New York, August 16, 2019—The Committee to Protect Journalists today condemned the issuing of an arrest warrant and a raid on the home of Hassan Sabah, a reporter for the Iraqi news broadcaster INEWS, in Basra, and called on Iraqi authorities to allow journalists to work freely and without fear of retaliation for their reporting.
On July 23, a police force consisting of Basra airport police officers and emergency regiments raided Sabah’s house in the southern Iraqi city of Basra seeking to arrest him, but he was not home, according to the National Union of Journalists in Iraq (NUJI), the local press freedom group the Press Freedom Advocacy Association in Iraq, and video footage and Facebook posts by Sabah. The police did not state the reason for the raid, according to the same reports and Sabah.
The Basra police directorate did not immediately reply to CPJ’s request for comment sent via email and social media.
Sabah told CPJ via messaging app that an Iraqi judge had issued a search and arrest warrant for him, which is still in force, in connection with a lawsuit that the Basra Airport Taxi Company filed against him in February 2018. Sabah, who continues to work from hiding, said he does not know when the judge issued the warrant.
Sabah told CPJ that the raid coincided with the publication of an INEWS report on the alleged use of 96 million Iraqi dinars ($80,500) worth of public funds by a senior public official to buy a car for his cousin, who is a district judge in Basra.
“We strongly condemn the raid on reporter Hassan Sabah’s home and the order for his arrest,” said CPJ Middle East and North Africa Representative Ignacio Miguel Delgado. “We call on the Iraqi authorities to stop their harassment of Sabah and to allow journalists in Basra to work freely and without fear of reprisal.”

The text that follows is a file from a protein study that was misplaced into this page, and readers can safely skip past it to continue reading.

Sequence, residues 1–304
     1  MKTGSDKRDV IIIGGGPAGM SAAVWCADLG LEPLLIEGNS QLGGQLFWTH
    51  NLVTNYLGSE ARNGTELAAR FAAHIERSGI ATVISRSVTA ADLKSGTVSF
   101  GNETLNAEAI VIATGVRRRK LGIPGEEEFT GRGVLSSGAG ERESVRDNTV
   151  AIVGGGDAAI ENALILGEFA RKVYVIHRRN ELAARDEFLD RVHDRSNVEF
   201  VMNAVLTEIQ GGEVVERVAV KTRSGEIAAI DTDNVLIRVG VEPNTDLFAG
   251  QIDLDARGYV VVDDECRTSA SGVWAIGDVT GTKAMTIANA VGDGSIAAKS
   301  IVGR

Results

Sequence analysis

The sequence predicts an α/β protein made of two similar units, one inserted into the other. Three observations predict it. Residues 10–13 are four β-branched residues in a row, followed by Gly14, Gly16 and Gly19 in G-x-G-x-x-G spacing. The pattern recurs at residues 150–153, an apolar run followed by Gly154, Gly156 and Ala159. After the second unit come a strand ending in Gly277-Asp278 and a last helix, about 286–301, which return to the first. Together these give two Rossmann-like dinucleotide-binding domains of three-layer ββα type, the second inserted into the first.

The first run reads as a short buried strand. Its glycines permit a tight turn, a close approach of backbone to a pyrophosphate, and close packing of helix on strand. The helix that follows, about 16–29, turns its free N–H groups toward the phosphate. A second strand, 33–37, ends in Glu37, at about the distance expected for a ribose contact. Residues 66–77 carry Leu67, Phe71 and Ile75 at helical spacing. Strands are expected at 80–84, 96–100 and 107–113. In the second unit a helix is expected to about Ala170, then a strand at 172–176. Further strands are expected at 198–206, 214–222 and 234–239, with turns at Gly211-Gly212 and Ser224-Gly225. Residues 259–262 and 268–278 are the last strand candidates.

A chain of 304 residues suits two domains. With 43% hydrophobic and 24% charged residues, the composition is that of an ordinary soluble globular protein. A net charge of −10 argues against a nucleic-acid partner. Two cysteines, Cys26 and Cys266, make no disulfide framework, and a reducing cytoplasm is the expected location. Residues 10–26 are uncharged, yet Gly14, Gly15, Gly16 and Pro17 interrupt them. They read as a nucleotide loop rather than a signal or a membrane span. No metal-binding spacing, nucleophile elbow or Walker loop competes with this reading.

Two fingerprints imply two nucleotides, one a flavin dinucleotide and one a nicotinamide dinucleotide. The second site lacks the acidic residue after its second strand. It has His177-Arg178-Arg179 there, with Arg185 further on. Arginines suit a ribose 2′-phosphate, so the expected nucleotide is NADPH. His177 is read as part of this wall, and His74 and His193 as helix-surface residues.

According to Sabah, the Basra Airport Taxi Company filed the lawsuit on February 18, 2018, because of a video he had posted on his Facebook account on December 24, 2017, criticizing the hefty fees that the company charges for taking people to Basra. He told CPJ that he was charged under Articles 430 and 434 of the Iraqi penal code. Article 434 refers to insult and defamation and is punishable with one year in jail, and Article 430 refers to the imputation or revelation of the commission of a felony and is punishable with up to seven years in jail, according to the 1969 Iraqi penal code.
According to a CPJ review of the Facebook video, Sabah shows travelers arriving at the airport waiting a long time for a taxi ride and then paying expensive fares to be taken to the city. He interviews a traveler waiting for a taxi and then a taxi driver from another company with cheaper fares.
Sabah told CPJ: “The arrest warrant against me is still valid and has forced me to leave my house. I am semi-homeless and I fear for my safety and that of my family.” Sabah has previously reported on alleged corruption in Basra’s ports, and he told CPJ he believed he had been targeted as a result. “My house has been attacked twice already by assailants affiliated with local militias. There was a bomb attack less than a year ago and it was riddled with bullets over a year ago. The local authorities are unable to protect me and several lawyers have refused to defend me, so I call for international protection.”
Sabah showed CPJ pictures of the destruction he said was caused by the attacks on his house.
Since protests broke out in Basra in July 2018, journalists have been threatened, assaulted, detained, and prevented from covering the protests by security forces and Iran-backed militias, according to CPJ research.
On July 19, 2019, a group of protesters assaulted Ayman al-Sheikh, a reporter for the private Iraqi broadcaster Al-Sharqiyya, while he was covering a demonstration in Basra by the Al-Hikma National Movement, CPJ reported at the time.